An actor-producer's day includes raising coin, hiring crews and marketing their pix
By SHARON KNOLLE
Small, personal films don't seem to get made without star power and a whole lot of fundraising. George Clooney, Tommy Lee Jones, Philip Seymour Hoffman and Don Cheadle, who shepherded a handful of potential awards contenders to screen this year, can certainly attest.
"In general, the films I try to make have not been easy to make," says Clooney, who directed "Good Night and Good Luck" and produced "Syriana" while taking supporting roles in both. "But I have one huge advantage. I'm in a position that people offer me the kind of money that they do. No one was jumping to make either film but we got them financed.
"Your best tool for fundraising is to take your (acting fee) and make a back-end deal," says Clooney, who produces with Steven Soderbergh via their Section Eight shingle. "I doubt we'll see any back-end on 'Good Night,'" he says, "but hey, I've got money in the bank and I'm doing OK. It's important to make these films we think are interesting and we're at a place in our careers and our lives where we can do that."
Don Cheadle says he spent the better part of a year trying to raise money for "Crash," in which he also co-starred.
"I knew when I signed on that this was a foolish gambit. Had it not been for Bob Yari's company stepping in, it never would have happened. It was a great script and two guys (director Paul Haggis and co-screenwriter Robert Moresco) were really passionate about it."
Tommy Lee Jones says he didn't want to "go door to door" to finance "The Three Burials of Melquiades Estrada," which he developed with "Amores Perros'" screenwriter Guillermo Arriaga. He zeroed in on EuropaCorp and sent the company the script and then lured Luc Besson, whom he knew was a diving enthusiast, with an offer of a meeting in Nassau.
"On the way out to the reef we had lunch and I asked if he wanted to make it, and he said he did," Jones recalls. "I gave him the budget and said 'I will come in $100 below that figure,' and he said OK."
In Cheadle's case, producing "Crash" coincided with filming the most demanding role of his career, the lead in "Hotel Rwanda."
"I'm surprised I didn't collapse," he laughs. "I was getting dailies from 'Crash.' Every week I'd wake up at 3 in morning (because of the time difference) to go over notes and different scenes and different cuts and takes with the editor."
"It was a lot," he admits, "but ultimately as rewarding as anything I've ever done. I was in a position of being able to be in front of the camera and have a say about how things developed. I could try to protect the script and the ideas. That's what turned me on about it from very beginning."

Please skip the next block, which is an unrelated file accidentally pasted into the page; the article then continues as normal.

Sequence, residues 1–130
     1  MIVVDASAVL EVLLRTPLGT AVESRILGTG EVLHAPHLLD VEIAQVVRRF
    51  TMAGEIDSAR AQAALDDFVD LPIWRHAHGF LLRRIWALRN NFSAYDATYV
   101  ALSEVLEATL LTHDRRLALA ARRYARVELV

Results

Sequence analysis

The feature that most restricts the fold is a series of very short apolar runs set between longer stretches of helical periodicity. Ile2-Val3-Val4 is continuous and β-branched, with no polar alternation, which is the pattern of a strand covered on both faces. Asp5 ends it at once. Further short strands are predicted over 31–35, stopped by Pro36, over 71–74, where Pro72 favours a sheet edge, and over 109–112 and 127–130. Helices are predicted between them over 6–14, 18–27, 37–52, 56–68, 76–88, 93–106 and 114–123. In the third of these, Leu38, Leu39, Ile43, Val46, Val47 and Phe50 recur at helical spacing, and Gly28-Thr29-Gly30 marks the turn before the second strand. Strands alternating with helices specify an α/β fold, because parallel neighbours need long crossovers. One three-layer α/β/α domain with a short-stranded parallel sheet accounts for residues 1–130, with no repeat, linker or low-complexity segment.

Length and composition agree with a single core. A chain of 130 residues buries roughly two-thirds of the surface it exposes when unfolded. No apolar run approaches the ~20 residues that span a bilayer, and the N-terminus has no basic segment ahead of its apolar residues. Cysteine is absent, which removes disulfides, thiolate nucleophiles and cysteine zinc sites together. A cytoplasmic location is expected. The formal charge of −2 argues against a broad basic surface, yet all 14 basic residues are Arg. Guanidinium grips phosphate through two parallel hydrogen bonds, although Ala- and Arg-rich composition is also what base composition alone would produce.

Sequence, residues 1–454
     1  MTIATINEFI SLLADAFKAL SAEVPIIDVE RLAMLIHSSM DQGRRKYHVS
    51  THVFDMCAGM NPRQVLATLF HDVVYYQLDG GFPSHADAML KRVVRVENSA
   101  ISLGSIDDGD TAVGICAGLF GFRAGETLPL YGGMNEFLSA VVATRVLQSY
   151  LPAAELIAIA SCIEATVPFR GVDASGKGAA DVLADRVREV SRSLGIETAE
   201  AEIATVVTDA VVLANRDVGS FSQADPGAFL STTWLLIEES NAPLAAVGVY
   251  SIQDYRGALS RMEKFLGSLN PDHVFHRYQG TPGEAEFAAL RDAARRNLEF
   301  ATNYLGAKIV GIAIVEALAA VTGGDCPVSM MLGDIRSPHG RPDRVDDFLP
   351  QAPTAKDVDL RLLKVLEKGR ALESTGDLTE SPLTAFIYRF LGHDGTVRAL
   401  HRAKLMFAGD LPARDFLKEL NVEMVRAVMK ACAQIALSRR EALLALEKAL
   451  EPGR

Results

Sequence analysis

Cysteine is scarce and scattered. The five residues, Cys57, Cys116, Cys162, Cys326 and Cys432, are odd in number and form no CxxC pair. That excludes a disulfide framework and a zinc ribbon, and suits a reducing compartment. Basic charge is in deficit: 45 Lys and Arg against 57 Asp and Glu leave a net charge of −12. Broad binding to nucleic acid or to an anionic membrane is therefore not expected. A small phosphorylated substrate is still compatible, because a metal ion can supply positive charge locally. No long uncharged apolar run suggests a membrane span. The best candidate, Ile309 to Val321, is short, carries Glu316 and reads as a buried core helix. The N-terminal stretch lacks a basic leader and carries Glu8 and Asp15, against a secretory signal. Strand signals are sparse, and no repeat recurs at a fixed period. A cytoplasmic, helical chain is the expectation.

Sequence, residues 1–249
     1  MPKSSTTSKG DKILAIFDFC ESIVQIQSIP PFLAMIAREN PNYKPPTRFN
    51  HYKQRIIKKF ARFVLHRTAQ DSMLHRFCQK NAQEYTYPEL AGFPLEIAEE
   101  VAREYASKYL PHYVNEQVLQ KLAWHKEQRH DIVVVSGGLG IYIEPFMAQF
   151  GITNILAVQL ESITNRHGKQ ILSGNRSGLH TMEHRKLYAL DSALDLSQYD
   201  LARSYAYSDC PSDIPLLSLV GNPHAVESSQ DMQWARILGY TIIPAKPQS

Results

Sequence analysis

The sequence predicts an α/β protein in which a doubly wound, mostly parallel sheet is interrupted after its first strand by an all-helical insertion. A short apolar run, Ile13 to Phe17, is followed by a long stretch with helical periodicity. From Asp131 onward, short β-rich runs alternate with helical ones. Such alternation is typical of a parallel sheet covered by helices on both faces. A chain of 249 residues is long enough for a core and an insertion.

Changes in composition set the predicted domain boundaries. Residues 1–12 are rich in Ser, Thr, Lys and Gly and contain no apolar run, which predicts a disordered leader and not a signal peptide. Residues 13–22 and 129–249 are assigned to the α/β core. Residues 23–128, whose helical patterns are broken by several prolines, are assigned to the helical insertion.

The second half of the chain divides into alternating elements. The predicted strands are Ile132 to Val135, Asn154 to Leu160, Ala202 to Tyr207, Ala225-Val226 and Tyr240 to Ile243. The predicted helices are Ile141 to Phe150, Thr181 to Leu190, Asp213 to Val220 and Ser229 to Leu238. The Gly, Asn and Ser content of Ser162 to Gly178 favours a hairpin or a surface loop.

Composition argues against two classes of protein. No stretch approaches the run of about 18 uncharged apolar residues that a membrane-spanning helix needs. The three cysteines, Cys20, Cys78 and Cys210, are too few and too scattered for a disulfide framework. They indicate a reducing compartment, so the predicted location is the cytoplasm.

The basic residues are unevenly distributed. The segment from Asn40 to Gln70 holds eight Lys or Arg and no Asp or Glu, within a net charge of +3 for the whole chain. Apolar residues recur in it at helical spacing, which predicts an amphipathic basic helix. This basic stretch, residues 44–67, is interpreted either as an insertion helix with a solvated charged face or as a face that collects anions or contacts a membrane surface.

"Sure, I was acting on 'Ocean's 12,'" Clooney says, "but I was also prepping 'Syriana' and 'Good Night' so there's never really any downtime. It's not like I'm ever just sitting in my trailer."
On "Syriana," he had the strain of working on location and adding 40 lbs. in four weeks. "We did a year of post. It's a complicated, tough movie and a lot of work."
For Jones, wearing multiple hats on "Three Burials" actually made the whole process easier.
"As an actor, I didn't have to spend any time preparing because I spent two years writing the part. As a director I didn't have to worry about getting the equipment in the place because I'm the producer. And I didn't have to worry as the producer about the director spinning off and making demands. And as the writer, I didn't have to worry about anybody jacking with the words or the narrative."
Philip Seymour Hoffman had previously produced "Love Liza" and "Owning Mahoney" but on "Capote," in which he plays the lead, he took on a much more active producing role.
"It was tough to wear both hats. It's two different parts of your brain," he says, particularly since he stayed in character -- maintaining the voice and physicality of Truman Capote -- while on set. He came on as a producer "just to get it going."
"Executive producers are more overseers and troubleshooters," he explains. "They may get something done but are ultimately not as hands-on as a line producer. But they do have influence. Things still have to go by them."
Adds Clooney: "The key is to hire the right people to do the right job. You have to be a bandleader and just keep things moving in the right direction."
Date in print: November 27, 2005
(c) 2005 Reed Business Information (c) 2005 Variety, Inc.